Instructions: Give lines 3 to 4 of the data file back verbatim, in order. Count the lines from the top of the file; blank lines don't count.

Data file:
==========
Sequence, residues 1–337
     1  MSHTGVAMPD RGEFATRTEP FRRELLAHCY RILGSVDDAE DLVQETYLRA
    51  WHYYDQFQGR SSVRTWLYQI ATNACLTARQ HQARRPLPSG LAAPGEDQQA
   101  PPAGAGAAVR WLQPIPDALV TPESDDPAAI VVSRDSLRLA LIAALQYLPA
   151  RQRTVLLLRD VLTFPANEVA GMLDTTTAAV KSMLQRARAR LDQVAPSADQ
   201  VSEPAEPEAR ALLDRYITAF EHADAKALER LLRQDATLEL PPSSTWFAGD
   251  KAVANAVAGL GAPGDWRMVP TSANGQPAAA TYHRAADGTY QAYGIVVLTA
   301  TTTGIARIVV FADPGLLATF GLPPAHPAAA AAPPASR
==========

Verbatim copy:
    51  WHYYDQFQGR SSVRTWLYQI ATNACLTARQ HQARRPLPSG LAAPGEDQQA
   101  PPAGAGAAVR WLQPIPDALV TPESDDPAAI VVSRDSLRLA LIAALQYLPA